Poll shows that white male geezers love the ’50s more than any other 20th century decade


Kevin Drum COMMENTS on a recent poll that asked Americans which decade of the 20th century they would most like to return to:

The most popular choice of seniors by far was the 1950s. In fact, if you discount the ’20s, which probably just seems like an interesting, faraway decade, the most popular choice of nearly every age group is a decade of their youth. Millennials like the ’90s, when they were growing up. My generation likes the ’80s, when we were just out of college. Only the thirtysomethings seem not to care, showing no particular preference for any decade between the ’50s and ’90s.

But it’s the nostalgia of seniors for the ’50s that intrigues me the most. I’d love to see a demographic breakdown of that. I assume that nonwhites aren’t pining away for that era, which means that white seniors must really be in love with it to produce such a high overall number. Likewise, I’d guess that women might not be too thrilled with it. If that’s true, it means that white male seniors must be nostalgic for the ’50s in fantastic numbers.




  1. I guess I’m not a geezer since I’ll take the 80s over the 50s. The music from the mid 60s to the mid 90s is what I like best for nostalgia. As far as cars, I like the mid 60s to the early 70s the best. I miss all the chrome.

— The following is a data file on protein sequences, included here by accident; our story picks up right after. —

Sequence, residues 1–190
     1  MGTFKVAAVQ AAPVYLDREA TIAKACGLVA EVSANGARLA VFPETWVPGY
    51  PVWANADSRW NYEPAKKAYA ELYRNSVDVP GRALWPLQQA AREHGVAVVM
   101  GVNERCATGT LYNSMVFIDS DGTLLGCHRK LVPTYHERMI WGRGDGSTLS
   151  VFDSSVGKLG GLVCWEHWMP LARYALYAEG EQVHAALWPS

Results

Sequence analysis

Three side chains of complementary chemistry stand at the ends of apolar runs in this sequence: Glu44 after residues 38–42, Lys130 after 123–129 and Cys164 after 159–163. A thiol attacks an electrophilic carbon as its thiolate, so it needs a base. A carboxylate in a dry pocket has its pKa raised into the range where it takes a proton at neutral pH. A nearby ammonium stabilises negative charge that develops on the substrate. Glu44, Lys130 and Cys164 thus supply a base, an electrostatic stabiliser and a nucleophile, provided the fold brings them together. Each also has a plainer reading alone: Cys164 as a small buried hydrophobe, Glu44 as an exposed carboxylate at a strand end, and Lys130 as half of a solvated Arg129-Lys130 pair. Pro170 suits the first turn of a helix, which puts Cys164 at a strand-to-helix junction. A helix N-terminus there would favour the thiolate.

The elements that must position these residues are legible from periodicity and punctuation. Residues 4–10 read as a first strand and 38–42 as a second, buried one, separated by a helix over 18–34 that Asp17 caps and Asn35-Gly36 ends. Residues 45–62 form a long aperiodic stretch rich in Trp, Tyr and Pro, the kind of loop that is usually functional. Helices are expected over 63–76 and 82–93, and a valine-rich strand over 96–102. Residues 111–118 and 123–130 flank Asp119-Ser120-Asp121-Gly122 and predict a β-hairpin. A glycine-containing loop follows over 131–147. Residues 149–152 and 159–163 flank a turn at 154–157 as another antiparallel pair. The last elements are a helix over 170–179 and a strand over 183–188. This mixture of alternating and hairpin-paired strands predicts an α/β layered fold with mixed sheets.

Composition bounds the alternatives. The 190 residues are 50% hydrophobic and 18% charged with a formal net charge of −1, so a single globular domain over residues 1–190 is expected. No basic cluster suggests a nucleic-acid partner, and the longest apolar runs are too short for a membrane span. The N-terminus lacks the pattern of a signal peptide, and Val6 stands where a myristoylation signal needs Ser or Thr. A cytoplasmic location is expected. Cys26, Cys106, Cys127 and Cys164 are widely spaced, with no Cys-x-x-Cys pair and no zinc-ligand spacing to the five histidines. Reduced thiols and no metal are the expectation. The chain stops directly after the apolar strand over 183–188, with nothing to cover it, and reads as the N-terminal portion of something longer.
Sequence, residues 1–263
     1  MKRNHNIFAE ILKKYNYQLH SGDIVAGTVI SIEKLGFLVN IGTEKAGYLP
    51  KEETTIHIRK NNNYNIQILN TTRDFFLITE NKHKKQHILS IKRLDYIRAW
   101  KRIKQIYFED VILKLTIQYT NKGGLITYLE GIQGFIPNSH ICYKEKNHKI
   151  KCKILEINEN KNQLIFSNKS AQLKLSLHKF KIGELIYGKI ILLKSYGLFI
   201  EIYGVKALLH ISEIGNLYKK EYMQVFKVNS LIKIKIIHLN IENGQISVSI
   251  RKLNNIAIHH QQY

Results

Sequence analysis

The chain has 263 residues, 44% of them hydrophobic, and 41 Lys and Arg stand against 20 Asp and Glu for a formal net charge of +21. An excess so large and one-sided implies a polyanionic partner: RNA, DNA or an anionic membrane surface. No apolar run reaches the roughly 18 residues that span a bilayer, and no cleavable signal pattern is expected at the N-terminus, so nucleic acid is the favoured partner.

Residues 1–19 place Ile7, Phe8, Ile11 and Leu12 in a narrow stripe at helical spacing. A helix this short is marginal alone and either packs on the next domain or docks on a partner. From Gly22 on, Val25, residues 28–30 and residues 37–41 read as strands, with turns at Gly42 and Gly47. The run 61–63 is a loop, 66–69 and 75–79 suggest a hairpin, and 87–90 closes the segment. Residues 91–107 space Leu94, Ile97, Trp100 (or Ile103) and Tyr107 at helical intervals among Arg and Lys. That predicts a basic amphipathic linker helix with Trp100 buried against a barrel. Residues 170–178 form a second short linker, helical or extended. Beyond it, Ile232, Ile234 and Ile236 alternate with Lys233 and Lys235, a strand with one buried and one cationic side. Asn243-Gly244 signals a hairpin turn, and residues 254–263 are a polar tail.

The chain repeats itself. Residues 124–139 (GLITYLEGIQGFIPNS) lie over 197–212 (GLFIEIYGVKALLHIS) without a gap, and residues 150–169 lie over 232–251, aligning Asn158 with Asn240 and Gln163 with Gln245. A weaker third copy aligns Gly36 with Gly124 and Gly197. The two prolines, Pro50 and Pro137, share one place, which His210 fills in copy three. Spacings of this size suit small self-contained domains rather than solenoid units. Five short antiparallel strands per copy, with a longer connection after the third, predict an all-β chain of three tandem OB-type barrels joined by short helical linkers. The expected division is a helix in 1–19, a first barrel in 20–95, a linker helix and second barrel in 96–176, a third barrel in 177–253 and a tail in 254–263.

The only thing I would like about the 50s is, all the people that were important to me were still alive and I had 2 generations in front of me before it was my generation that started kickin the bucket.

    It can be unsettling if you dwell too much on all the people you know from your own generation whose obituaries you’re now reading. Makes you realize your own immortality when you make that change from thinking more about the past than the future.

  2. I went to high school in the ’50s and have fond memories of that decade. But my favorite decade is the ’60s, mainly because of the incredible pace of cultural and political change. For example, America was a much different place in 1968 than it had been just three years earlier in 1965. This dizzying pace of change was extremely unsettling to most older folks. That’s one of the reasons why Nixon was elected president in ’68 (although only by a very slim margin).

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